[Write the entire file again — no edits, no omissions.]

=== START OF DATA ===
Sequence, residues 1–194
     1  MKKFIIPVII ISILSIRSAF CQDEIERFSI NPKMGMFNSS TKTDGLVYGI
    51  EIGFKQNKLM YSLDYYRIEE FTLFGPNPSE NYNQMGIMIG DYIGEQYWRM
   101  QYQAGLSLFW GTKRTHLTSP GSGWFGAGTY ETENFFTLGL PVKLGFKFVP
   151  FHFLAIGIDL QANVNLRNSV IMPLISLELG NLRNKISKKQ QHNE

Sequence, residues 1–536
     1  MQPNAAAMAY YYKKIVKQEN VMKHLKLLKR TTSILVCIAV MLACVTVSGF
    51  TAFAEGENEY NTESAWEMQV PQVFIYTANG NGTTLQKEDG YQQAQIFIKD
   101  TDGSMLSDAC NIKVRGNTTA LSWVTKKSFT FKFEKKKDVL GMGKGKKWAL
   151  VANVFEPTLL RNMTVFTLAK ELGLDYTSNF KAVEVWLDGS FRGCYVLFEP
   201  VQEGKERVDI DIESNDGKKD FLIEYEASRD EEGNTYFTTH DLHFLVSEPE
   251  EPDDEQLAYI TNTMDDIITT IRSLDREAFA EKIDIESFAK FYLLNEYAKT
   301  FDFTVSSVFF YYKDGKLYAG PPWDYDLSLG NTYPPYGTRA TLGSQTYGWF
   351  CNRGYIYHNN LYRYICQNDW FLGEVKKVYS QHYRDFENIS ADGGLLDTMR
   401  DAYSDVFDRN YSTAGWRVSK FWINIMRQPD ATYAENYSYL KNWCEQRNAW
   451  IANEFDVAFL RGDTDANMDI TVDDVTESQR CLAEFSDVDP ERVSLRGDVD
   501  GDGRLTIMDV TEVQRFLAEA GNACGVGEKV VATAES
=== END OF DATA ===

Sequence, residues 1–194
     1  MKKFIIPVII ISILSIRSAF CQDEIERFSI NPKMGMFNSS TKTDGLVYGI
    51  EIGFKQNKLM YSLDYYRIEE FTLFGPNPSE NYNQMGIMIG DYIGEQYWRM
   101  QYQAGLSLFW GTKRTHLTSP GSGWFGAGTY ETENFFTLGL PVKLGFKFVP
   151  FHFLAIGIDL QANVNLRNSV IMPLISLELG NLRNKISKKQ QHNE

Sequence, residues 1–536
     1  MQPNAAAMAY YYKKIVKQEN VMKHLKLLKR TTSILVCIAV MLACVTVSGF
    51  TAFAEGENEY NTESAWEMQV PQVFIYTANG NGTTLQKEDG YQQAQIFIKD
   101  TDGSMLSDAC NIKVRGNTTA LSWVTKKSFT FKFEKKKDVL GMGKGKKWAL
   151  VANVFEPTLL RNMTVFTLAK ELGLDYTSNF KAVEVWLDGS FRGCYVLFEP
   201  VQEGKERVDI DIESNDGKKD FLIEYEASRD EEGNTYFTTH DLHFLVSEPE
   251  EPDDEQLAYI TNTMDDIITT IRSLDREAFA EKIDIESFAK FYLLNEYAKT
   301  FDFTVSSVFF YYKDGKLYAG PPWDYDLSLG NTYPPYGTRA TLGSQTYGWF
   351  CNRGYIYHNN LYRYICQNDW FLGEVKKVYS QHYRDFENIS ADGGLLDTMR
   401  DAYSDVFDRN YSTAGWRVSK FWINIMRQPD ATYAENYSYL KNWCEQRNAW
   451  IANEFDVAFL RGDTDANMDI TVDDVTESQR CLAEFSDVDP ERVSLRGDVD
   501  GDGRLTIMDV TEVQRFLAEA GNACGVGEKV VATAES